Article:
Shine the light of your justice always in our hearts and over all lands,

and accept our lives as the treasure we offer in your praise and for your service,

through Jesus Christ, our Savior and Lord, who lives and reigns

with you and the Holy Spirit, one God, now and forever.  Amen.

Evangelical Lutheran Worship (2006), page 21

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The Assigned Readings:

Micah 5:2-9 (Protestant Versification)/Micah 5:1-8 (Jewish, Roman Catholic, and Eastern Orthodox Versification)

Psalm 72

Luke 13:31-35

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Blessed are you, O Lord our God:

for you alone do marvellous things.

Blessed be your glorious name for ever:

let the whole earth be filled

with your glory.  Amen.  Amen.

–Psalm 72:19-20, A New Zealand Prayer Book (1989)

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The reading from Luke 13 prompts me to think of the Classic Theory of the Atonement, a.k.a. the Conquest of Satan and Christus Victor.  This interpretation dates to early Christianity, for Origen, St. Irenaeus, and St. Justin Martyr argued for it.  I have read more recent iterations of it in the works of Gustav Aulen and N. T. Wright.  As St. Irenaeus (died 202 C.E.) wrote:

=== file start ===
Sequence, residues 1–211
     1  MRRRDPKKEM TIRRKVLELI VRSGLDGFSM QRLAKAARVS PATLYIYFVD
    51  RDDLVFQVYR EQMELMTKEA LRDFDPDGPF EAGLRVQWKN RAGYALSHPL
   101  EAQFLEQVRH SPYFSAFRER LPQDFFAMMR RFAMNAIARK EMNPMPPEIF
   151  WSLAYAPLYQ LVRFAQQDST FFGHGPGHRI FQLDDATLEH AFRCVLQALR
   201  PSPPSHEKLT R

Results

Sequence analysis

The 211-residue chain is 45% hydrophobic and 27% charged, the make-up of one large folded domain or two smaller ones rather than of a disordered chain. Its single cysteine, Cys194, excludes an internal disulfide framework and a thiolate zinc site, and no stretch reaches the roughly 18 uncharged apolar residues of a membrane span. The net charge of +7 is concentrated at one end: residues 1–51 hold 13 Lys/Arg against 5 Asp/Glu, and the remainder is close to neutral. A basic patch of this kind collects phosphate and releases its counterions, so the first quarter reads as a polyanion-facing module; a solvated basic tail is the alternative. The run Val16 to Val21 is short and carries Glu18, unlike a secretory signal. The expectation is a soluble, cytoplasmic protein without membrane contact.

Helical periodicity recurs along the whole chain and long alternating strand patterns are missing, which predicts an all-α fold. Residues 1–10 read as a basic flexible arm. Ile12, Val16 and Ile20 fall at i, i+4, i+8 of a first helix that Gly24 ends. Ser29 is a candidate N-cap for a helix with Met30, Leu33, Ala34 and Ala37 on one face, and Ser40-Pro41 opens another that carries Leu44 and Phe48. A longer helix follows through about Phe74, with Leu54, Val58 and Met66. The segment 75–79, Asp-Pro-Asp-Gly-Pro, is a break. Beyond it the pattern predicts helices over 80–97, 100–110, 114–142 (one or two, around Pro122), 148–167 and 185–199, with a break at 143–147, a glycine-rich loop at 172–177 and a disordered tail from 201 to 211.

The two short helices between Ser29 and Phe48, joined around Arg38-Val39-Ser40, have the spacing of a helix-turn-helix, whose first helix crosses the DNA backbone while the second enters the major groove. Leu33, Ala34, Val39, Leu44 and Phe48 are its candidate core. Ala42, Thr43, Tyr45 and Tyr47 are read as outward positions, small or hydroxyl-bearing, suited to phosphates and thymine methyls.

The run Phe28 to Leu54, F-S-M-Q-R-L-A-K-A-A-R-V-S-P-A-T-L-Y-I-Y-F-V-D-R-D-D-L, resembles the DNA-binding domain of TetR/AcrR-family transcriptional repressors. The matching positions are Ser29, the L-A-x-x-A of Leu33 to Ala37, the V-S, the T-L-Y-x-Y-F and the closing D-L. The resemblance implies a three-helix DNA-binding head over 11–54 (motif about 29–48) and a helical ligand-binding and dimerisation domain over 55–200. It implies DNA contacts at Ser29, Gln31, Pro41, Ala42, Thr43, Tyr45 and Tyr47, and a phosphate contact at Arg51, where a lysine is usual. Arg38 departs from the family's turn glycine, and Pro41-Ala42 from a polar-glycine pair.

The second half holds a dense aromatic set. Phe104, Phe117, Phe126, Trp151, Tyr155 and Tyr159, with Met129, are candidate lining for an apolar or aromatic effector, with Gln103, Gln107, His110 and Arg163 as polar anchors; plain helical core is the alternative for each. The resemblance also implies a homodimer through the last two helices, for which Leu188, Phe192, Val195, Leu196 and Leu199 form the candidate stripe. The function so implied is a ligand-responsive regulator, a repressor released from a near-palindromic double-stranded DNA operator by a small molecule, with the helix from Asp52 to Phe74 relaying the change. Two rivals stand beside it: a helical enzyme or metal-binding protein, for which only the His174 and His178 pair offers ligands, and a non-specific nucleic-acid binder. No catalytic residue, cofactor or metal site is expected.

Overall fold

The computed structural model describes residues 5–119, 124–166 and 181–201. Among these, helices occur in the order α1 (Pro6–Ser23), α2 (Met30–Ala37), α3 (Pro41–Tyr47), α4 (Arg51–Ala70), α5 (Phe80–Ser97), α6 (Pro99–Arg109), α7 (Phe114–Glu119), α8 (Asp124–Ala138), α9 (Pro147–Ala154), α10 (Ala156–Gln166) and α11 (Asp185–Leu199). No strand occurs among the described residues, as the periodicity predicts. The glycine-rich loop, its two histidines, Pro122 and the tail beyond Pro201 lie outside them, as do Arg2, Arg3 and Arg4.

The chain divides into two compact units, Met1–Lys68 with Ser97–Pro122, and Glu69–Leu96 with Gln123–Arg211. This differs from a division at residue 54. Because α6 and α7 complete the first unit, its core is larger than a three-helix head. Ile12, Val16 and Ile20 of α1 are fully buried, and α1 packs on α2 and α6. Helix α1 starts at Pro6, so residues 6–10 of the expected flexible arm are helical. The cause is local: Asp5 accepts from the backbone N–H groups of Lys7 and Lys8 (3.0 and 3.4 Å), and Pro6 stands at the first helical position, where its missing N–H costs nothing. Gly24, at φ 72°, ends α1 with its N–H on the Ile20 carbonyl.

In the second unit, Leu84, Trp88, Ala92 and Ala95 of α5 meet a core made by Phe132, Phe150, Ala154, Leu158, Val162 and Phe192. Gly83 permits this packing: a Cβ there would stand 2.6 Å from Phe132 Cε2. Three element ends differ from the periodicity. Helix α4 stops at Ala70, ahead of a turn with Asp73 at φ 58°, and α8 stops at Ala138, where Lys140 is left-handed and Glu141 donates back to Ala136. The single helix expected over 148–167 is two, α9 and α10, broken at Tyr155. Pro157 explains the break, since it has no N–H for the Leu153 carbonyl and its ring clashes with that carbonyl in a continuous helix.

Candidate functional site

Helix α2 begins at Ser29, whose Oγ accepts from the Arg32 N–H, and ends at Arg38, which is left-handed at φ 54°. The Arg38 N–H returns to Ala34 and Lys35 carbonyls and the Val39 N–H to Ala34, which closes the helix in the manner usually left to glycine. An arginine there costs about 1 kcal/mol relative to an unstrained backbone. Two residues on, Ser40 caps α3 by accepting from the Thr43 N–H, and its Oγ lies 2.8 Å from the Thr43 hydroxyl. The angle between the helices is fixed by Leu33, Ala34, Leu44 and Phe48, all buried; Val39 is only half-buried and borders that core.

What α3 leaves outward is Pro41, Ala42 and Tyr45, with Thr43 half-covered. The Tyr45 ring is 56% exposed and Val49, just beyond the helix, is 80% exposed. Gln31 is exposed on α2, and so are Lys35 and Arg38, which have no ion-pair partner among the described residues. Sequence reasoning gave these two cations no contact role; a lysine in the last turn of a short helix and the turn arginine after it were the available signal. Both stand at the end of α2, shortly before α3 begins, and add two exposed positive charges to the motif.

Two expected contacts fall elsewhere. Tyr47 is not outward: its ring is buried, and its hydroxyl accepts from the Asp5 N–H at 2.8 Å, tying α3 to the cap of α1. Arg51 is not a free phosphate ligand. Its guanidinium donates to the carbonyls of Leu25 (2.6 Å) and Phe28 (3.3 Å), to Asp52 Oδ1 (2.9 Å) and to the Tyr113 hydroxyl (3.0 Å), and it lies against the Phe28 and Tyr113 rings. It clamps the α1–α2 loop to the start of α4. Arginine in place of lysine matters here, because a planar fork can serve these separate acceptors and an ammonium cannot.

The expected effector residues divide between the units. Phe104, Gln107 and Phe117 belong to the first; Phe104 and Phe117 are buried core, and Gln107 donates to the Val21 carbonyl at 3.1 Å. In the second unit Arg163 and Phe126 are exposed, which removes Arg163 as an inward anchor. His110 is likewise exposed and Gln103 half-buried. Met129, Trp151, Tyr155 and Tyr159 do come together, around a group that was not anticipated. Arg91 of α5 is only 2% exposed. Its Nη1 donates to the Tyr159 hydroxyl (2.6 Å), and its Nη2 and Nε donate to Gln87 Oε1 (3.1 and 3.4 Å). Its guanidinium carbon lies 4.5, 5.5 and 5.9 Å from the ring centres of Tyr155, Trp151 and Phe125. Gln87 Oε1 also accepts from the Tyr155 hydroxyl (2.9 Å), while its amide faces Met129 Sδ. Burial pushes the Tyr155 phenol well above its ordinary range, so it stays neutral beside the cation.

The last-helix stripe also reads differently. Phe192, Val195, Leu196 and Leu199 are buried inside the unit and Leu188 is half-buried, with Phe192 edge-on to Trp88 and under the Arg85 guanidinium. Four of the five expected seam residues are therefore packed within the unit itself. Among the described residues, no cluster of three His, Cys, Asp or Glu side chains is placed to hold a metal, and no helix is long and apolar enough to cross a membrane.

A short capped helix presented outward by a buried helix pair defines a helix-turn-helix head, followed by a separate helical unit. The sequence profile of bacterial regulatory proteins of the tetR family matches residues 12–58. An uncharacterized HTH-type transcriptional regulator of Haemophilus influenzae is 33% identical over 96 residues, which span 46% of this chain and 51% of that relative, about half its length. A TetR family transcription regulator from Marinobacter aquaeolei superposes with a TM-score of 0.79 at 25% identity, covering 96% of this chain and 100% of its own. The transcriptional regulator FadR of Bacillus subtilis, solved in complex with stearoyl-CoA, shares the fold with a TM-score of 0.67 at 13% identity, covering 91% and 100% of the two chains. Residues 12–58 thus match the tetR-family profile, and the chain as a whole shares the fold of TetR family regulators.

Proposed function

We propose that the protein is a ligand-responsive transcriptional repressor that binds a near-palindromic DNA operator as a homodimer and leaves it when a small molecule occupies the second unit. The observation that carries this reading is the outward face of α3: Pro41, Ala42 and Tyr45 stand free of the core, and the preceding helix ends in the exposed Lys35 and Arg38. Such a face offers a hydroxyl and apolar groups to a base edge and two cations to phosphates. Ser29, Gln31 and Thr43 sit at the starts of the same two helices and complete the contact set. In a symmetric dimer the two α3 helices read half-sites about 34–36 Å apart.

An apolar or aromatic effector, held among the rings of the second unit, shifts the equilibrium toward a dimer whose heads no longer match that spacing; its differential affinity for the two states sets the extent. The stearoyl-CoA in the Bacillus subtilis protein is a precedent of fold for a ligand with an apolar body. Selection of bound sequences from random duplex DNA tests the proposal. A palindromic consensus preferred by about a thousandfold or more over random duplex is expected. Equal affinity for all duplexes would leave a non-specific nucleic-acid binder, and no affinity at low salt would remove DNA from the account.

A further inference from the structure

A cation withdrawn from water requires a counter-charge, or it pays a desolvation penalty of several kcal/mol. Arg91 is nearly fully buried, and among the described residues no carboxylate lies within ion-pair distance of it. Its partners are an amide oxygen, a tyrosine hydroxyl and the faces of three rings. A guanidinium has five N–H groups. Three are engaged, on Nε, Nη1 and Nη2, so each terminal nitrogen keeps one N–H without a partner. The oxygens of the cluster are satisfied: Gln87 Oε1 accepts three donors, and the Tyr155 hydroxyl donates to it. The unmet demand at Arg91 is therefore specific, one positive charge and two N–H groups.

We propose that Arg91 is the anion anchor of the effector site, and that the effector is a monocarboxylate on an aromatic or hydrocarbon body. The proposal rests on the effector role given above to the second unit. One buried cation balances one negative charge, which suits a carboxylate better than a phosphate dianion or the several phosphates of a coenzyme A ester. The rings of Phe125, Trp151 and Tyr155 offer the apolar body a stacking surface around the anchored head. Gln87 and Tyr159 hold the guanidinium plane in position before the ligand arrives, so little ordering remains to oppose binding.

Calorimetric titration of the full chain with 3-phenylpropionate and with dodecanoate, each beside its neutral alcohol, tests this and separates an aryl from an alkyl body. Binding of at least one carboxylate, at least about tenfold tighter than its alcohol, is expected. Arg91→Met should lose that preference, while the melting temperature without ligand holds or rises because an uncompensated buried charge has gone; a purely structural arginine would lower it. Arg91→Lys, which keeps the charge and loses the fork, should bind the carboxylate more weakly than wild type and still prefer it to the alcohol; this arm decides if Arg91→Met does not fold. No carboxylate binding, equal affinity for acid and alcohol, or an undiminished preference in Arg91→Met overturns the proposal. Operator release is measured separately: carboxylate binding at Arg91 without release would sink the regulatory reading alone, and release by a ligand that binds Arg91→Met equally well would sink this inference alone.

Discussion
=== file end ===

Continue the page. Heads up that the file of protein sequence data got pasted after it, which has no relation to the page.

The Word of God was made flesh in order that He might destroy death and bring men to life, for we were tied and bound in sin, we were born in sin and live under the dominion of death.

–Quoted in Linwood Urban, A Short History of Christian Thought, Revised and Expanded Edition (New York, NY:  Oxford University Press, 1995), page 109

Perfidious men–men, not people generically (I like to use gendered language precisely)–plotted to kill Jesus.  They succeeded in that goal.  Yet our Lord and Savior did not remain dead for long.  So those perfidious men failed ultimately.

God wins ultimately, despite our best human attempts to thwart that result.  Such is the best definition of the sovereignty of God I can muster.

Micah 5:1-8/5:2-9 (depending on the versification in the translation one reads) sounds reassuring for the Hebrew nation in the late eighth century B.C.E.-early seventh century B.C.E., the timeframe for Isaiah 1-39.  Woe be unto any Assyrian invaders, it says.  If one continues to read, however, one discovers that the Assyrians are not the only ones who should quake in fear of divine retribution, which will fall also on the homefront as well:

In anger and fury I shall wreak vengeance

on the nations who disobey me.

–Micah 5:15, The Revised English Bible